Depression is a state of despondency marked by feelings of powerlessness and hopelessness. Depression reflects a sad and/or irritable mood exceeding typical grief or sadness. Furthermore, such sadness of depression is characterized by a greater intensity and duration. People tend to see themselves as failing even if they are not. Depression is one of the most prevalent emotional problems.
External experiences often initiate depression. For example, problems of financial nature, a loss of a loved one, a serious illness, difficulties in the relationship, or any other uninvited changes in life can cause a depressive episode. According to medicinenet.com, “a combination of genetic, psychological, and environmental factors is involved in the onset of a depressive disorder.” Stressors that contribute to the development of depression can affect some groups more than others. Disadvantaged groups have higher rates of depression compared to the advantaged ones. More vulnerable to depression can be immigrants because they are isolated by language barrier. Individuals, who have been the victims of abuse, whether it’s physical, emotional, or sexual abuse, are prone to developing a depressive disorder as well. There is a suggestion that a natural susceptibility to depression can be inherited because some types of depression run in families. In some families, major depression too seems to occur in generation after generation. However, major depression can also occur in persons who have no family history of depression at all. (medicicinenet.com)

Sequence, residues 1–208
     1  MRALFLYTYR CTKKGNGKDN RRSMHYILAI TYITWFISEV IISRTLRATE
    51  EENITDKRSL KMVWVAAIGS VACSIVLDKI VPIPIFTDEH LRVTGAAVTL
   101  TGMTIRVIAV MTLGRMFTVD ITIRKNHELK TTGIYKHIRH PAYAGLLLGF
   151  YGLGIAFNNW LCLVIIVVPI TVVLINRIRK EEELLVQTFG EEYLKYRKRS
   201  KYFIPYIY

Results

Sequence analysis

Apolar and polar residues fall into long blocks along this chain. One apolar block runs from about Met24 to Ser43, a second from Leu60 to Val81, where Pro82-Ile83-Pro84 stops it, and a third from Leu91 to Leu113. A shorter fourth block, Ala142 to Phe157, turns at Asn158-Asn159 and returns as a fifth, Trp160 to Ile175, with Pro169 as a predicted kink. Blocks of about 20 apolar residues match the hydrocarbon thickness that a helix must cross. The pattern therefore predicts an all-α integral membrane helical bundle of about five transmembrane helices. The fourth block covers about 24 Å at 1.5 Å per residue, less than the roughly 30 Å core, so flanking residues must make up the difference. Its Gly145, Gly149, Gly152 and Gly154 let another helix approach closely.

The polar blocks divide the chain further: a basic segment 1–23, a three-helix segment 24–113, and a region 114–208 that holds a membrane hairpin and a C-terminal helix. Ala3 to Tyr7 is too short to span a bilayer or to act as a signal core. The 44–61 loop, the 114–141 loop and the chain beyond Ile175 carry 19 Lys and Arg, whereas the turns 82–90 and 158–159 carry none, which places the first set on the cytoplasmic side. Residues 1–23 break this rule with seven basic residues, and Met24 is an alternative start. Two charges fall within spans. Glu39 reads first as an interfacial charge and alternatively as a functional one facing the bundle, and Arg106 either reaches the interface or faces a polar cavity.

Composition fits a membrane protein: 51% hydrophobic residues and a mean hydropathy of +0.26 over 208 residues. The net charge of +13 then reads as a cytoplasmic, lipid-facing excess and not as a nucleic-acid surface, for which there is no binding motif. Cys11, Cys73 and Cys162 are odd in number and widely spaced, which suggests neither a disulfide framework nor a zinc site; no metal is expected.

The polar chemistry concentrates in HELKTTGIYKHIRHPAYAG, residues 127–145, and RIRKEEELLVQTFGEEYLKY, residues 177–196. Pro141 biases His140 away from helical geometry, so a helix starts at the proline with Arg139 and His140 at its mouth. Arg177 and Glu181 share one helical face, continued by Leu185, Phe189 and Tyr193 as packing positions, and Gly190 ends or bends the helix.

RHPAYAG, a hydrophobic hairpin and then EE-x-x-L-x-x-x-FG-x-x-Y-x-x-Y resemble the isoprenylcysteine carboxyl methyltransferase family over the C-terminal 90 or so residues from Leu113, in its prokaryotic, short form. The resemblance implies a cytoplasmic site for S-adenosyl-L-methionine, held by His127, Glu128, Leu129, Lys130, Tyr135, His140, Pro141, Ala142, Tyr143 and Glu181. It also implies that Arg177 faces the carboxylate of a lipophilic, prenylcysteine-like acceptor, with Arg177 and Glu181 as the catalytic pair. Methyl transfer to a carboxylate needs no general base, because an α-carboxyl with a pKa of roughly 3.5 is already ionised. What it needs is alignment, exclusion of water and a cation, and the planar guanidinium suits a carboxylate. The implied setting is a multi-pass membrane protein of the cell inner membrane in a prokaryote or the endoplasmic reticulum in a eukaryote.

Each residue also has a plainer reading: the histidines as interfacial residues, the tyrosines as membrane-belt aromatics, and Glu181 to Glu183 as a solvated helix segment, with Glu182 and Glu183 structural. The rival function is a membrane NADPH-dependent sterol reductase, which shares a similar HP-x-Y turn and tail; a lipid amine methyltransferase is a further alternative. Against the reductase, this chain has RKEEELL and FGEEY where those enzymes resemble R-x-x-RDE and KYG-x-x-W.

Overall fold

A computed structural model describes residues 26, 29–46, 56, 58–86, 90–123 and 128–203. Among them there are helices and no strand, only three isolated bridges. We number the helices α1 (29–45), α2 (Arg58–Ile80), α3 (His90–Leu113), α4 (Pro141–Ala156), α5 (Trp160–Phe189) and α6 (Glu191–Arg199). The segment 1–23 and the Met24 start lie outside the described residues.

Many structures of the forebrain appear to be involved in depression. The brain areas involved include the frontal and temporal lobes of the forebrain, the basal nuclei, and parts of the limbic system. The forebrain is responsible for the negative that are very typical for depression. The hypothalamus and the pituitary gland may also play a role in depression, as they are involved in hormonal control, and increased levels of some hormones may play a role in maintaining a depressed state. An imbalance or deficiency of the neurotransmitters, serotonin, noradrenaline and dopamine are implicated in depression, although it may be a change in receptor function, and not neurotransmitter concentration, that causes depression. (www.brainexplorer.com)
Depressive signs and symptoms are characterized not only by negative thoughts, moods, and behaviors but also by specific changes in bodily functions such as crying spells, body aches, as well as problems with eating, weight, and sleeping, and low energy or libido.
Depression affects all aspects of one’s life. A depressed person is more likely to be in the dark, gloomy mood at all times of the day. They often are sleep deprived persons with low self-esteem and self-confidence. Depressed people feel sad, lonely, find it difficult to complete their daily tasks because of fatigue, and typically complain a lot. Because of the depression, persons can may insensitive remarks to their...